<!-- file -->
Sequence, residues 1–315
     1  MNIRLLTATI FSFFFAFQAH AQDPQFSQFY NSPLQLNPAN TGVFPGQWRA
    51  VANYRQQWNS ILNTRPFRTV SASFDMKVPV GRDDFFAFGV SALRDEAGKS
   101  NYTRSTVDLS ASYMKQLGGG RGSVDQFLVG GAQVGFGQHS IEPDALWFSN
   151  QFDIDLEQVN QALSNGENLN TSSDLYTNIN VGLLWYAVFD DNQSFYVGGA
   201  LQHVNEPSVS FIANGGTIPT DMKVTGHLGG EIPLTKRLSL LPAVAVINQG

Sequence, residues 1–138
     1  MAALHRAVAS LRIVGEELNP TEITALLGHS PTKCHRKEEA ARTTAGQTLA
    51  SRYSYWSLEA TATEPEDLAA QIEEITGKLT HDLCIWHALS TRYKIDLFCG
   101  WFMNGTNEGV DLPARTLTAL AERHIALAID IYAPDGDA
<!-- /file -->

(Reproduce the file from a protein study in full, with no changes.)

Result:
Sequence, residues 1–315
     1  MNIRLLTATI FSFFFAFQAH AQDPQFSQFY NSPLQLNPAN TGVFPGQWRA
    51  VANYRQQWNS ILNTRPFRTV SASFDMKVPV GRDDFFAFGV SALRDEAGKS
   101  NYTRSTVDLS ASYMKQLGGG RGSVDQFLVG GAQVGFGQHS IEPDALWFSN
   151  QFDIDLEQVN QALSNGENLN TSSDLYTNIN VGLLWYAVFD DNQSFYVGGA
   201  LQHVNEPSVS FIANGGTIPT DMKVTGHLGG EIPLTKRLSL LPAVAVINQG

Sequence, residues 1–138
     1  MAALHRAVAS LRIVGEELNP TEITALLGHS PTKCHRKEEA ARTTAGQTLA
    51  SRYSYWSLEA TATEPEDLAA QIEEITGKLT HDLCIWHALS TRYKIDLFCG
   101  WFMNGTNEGV DLPARTLTAL AERHIALAID IYAPDGDA